The influence of adultism permeated educational systems and familial and societal structures. Young people were expected to comply with the wishes and directives of their adult guardians, with little room for dissent or independent thought. The young were often regarded as passive recipients of knowledge and guidance, reinforcing the deeply ingrained notion that adults were inherently wiser and more virtuous.

The concept of adultism in these ancient societies was so deeply rooted that it became a fundamental building block of social structures. It affected the rights and roles of young people and the power dynamics within communities.

As we examine these early beliefs and practices, it becomes clear that the foundations of adultism were laid long ago, shaping not only the societies of their time but also influencing the modern adultism that persists in various forms today.


The Middle Ages: Reinforcing Adultism

During the Middle Ages, adultism was firmly entrenched in the social fabric, profoundly influencing how young people were perceived and treated. From the 5th to the 15th century, this era was characterized by feudal societies and the dominance of religious institutions, which significantly reinforced adultist beliefs.


Feudal Societies and Adultism

Feudalism, a dominant societal structure of the Middle Ages, was a hierarchical system where landownership equated to power and control. Young people had little to no voice in this arrangement. They were often regarded as little more than property or subjects bound by the authority of their feudal lords.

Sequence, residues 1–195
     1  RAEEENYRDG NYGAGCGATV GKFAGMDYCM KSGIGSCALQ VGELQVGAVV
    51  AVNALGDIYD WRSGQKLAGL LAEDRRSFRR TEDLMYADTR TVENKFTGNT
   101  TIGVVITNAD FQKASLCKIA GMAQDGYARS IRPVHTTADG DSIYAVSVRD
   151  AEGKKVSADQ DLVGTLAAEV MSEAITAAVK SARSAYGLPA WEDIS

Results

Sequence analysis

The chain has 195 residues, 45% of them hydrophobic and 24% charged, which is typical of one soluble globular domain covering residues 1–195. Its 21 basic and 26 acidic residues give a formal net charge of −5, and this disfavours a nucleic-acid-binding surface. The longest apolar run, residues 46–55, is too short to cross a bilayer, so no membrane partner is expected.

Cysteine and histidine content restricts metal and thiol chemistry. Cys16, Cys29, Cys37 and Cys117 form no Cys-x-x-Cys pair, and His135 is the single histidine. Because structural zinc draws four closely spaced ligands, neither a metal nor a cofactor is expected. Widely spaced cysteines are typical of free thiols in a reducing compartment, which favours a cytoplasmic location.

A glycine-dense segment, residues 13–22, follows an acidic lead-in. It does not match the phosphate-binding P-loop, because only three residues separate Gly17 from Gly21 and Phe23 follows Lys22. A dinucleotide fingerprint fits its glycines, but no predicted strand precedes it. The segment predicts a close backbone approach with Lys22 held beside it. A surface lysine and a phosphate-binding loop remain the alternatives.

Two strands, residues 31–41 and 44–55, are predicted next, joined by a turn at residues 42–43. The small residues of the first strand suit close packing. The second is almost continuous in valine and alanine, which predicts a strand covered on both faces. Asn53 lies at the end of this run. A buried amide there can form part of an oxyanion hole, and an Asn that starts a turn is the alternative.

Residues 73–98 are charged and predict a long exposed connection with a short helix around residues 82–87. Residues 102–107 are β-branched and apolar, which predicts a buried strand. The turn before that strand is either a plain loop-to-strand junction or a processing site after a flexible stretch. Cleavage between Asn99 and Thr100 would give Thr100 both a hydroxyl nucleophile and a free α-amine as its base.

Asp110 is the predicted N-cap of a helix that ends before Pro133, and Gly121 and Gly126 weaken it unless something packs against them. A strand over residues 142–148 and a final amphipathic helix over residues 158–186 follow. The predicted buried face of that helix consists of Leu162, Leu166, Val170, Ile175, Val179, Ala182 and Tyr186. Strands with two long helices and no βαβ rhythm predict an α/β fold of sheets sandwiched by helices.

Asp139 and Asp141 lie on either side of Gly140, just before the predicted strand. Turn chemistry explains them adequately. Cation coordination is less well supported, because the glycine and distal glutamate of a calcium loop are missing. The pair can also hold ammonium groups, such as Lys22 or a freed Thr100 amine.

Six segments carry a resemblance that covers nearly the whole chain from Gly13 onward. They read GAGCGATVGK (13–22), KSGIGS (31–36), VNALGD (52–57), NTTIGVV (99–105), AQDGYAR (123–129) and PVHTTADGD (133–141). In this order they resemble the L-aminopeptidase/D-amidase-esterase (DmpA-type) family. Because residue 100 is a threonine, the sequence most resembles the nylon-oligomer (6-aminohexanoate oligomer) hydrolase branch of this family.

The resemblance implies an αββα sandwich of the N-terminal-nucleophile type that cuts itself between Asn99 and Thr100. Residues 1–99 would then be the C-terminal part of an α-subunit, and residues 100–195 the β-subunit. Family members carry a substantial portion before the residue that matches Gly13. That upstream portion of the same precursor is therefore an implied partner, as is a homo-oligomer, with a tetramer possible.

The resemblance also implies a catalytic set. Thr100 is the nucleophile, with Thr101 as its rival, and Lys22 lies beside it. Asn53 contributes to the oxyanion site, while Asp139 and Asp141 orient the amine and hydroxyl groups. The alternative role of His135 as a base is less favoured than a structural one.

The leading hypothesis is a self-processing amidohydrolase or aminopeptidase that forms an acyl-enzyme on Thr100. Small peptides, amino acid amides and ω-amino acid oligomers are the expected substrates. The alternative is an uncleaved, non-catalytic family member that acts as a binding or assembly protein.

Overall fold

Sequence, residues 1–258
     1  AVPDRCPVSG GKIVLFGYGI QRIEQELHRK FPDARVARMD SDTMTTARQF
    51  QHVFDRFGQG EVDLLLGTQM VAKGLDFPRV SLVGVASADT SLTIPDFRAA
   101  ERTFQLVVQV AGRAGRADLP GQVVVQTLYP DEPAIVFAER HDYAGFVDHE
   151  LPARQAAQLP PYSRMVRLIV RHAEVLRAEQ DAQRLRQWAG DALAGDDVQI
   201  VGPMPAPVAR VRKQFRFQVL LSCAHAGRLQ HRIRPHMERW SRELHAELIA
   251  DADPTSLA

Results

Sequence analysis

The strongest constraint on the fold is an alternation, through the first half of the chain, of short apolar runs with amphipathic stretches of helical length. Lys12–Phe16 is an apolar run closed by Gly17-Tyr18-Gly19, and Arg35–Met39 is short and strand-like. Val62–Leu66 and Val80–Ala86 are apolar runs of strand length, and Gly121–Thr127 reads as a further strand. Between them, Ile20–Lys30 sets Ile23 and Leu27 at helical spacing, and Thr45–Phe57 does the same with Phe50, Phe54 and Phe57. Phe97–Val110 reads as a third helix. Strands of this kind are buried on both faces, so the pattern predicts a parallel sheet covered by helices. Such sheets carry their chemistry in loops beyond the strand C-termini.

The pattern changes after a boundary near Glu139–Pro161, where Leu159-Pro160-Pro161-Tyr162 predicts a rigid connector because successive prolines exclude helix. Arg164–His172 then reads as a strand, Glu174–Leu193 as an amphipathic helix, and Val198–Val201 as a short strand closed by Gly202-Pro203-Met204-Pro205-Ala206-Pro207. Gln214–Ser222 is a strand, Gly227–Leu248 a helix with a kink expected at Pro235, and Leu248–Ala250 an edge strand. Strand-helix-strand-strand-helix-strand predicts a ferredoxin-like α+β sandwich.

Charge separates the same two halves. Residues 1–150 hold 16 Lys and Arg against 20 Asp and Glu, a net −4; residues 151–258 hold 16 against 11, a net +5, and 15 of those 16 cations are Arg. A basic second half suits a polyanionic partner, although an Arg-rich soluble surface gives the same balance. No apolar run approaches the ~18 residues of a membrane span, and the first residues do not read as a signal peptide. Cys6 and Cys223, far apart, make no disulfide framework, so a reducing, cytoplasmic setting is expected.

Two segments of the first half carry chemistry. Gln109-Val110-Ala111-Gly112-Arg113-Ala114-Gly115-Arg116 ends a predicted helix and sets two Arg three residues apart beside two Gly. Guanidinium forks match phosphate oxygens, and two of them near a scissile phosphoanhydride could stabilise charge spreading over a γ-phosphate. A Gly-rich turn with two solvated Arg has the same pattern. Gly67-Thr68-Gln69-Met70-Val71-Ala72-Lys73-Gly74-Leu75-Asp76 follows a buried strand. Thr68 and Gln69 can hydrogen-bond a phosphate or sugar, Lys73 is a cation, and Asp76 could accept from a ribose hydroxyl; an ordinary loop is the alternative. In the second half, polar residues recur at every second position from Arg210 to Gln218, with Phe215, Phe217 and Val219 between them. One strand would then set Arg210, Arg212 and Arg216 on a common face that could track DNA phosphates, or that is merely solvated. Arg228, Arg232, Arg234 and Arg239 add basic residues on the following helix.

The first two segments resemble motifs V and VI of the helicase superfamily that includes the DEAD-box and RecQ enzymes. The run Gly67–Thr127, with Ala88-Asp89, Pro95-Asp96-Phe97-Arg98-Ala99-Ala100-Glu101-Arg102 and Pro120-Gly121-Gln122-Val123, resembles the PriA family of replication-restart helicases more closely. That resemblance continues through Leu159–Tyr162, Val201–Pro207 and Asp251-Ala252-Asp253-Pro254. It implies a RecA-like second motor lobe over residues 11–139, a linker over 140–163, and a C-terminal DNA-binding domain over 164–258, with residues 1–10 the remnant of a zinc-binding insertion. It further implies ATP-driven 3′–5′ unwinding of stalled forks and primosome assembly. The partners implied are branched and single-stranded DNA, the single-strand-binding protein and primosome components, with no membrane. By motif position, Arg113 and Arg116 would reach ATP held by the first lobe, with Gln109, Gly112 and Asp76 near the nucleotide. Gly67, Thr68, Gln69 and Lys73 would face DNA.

Children and youth in feudal societies were expected to show unwavering obedience to their elders. Their role was primarily to serve and follow the commands of those in power, reinforcing the adultist notion that adults were inherently superior, wiser, and more capable.


Religious Influence

Religion played a central role in people's lives during the Middle Ages, further bolstering adultism. The church and its teachings were intertwined with the concept of adult authority. Children were taught to obey their parents unquestioningly as part of their religious duty.

This religious authority served to deepen the adultist beliefs of the time. It perpetuated the idea that youth should unquestionably follow the guidance and commands of their adult counterparts, as adults were seen as the vessels of virtue, morality, and spiritual wisdom.

The unquestioned supremacy of adults marked the Middle Ages, and young people were marginalized, largely devoid of rights and agency. They were expected to play their predetermined roles within the feudal and religious systems without question, further entrenching the notion that adultism was an inherent and unquestionable part of society.

It's important to note that the Middle Ages were a product of their time, with societal structures and beliefs that have evolved significantly since. However, the influence of adultism during this period left a lasting mark on how young people were perceived and treated in subsequent centuries, making it crucial to understand this historical context to address and dismantle adultism in the modern world.



The Enlightenment: Beginning of Change

During the Enlightenment period, which spanned the 17th and 18th centuries, significant shifts in philosophical and intellectual thought challenged long-standing beliefs about adultism and the role of young people in society. This era marked the beginning of a profound change in how people perceived the capabilities and rights of children and youth.